MLB: An Ode to the Retirees

Recently, the world of Major League Baseball bid ‘adieu’ to two more all time greats, Joe Mauer and Adrian Beltre, who announced their individual exits from the game of professional baseball this winter. It’s startling to me that only one player from the 20th Century remains active in baseball, that player being Bartolo ‘Big Sexy’ Colon.

As somebody who began following baseball vigorously as a young boy, I have outstanding memories of both of these players, and am heartbroken to see their careers come to an end. However, it is exceedingly exciting to look back at the careers they have led, and to know that each of them will undoubtably receive Hall of Fame honors one day.

Joe Mauer – A Lifelong Twin

I remember being obsessed with Joe Mauer’s statistics as a kid. I had never seen somebody, especially a catcher achieve such high batting averages in my lifetime. Mauer was, for most of his career, the best in the game. In his age 23 season, Mauer hit a major league leading .347 in 140 games played. That kind of average was unheard of for a player at his position — unless you’re Mike Piazza that is. However, even Mike Piazza couldn’t believe his eyes when Mauer fever struck in 2009, and he bat an absolutely insane .365 with 28 home runs, his career high.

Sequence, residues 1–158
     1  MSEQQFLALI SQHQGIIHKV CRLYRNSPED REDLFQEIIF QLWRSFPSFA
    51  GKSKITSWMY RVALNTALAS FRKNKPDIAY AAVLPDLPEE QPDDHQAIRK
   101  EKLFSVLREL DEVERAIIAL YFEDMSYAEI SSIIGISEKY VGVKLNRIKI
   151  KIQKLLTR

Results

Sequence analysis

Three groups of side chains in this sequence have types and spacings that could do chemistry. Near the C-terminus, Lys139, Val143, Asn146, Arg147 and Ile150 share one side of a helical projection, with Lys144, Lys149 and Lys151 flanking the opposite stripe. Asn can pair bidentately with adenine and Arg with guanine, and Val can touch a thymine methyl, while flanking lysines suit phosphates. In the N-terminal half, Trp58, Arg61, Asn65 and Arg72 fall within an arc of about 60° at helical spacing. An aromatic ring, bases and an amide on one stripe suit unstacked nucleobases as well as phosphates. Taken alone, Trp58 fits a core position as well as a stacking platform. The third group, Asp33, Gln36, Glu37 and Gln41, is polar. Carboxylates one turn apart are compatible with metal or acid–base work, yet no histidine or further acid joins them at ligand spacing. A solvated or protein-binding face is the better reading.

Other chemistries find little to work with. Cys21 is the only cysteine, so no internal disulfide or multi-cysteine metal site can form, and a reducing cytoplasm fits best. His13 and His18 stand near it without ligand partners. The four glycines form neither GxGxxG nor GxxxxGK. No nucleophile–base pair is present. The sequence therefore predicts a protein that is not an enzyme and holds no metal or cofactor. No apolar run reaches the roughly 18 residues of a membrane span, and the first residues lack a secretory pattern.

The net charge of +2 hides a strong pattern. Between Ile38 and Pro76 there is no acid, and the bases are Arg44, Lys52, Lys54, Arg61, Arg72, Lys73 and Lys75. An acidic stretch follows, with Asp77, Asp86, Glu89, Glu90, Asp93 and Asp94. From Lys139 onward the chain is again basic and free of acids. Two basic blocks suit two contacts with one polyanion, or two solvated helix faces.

Over the span of his career, Mauer had seven seasons of a .300 average or higher. He easily inserted his name among some of the greatest catchers of all time, joining the likes of Yogi Berra, Johnny Bench, Carlton Fisk, and more. Sadly, concussion issues would inhibit his ability to continue to play at the catcher position and, as such, he transitioned to first base, where he would finish his career.

Joe Mauer was a breath of fresh air in a world of increasing strikeout rates and decreasing averages. His ability to produce quality at-bats and make solid contact with the ball was unparalleled for most of his career. He was a natural hitter, a great person, and, unquestionably, a future Hall of Famer. He will be severely missed in the world of America’s Pastime.

Adrian Beltre – An Infinite Source of Joy

Beltre is, flat out, one of the greatest players to ever emerge from the Dominican Republic. Over a 21 year career, Beltre amassed 477 long balls, 3,166 hits, and played in 2,933 games. He is an indisputable member of the Hall of Fame, but that’s not the reason people loved him.

Adrian Beltre lived for the game of baseball. Any time the camera would catch him, Beltre would always have a smile on his face and a joke on his mind. Whether he was busting the opposing pitchers chops, moving the on deck circle, or getting his head touched by his long time neighbor, Elvis Andrus, Beltre was always about having fun on the diamond.

Some of my favorite moments of his, and these are just a few.

Both of these dignified players will be severely missed, both by myself and by their fans. Personally, I wish them all the happiness in the world with their futures. They both were one-of-a-kind, and are irreplaceable pinnacles of baseball.

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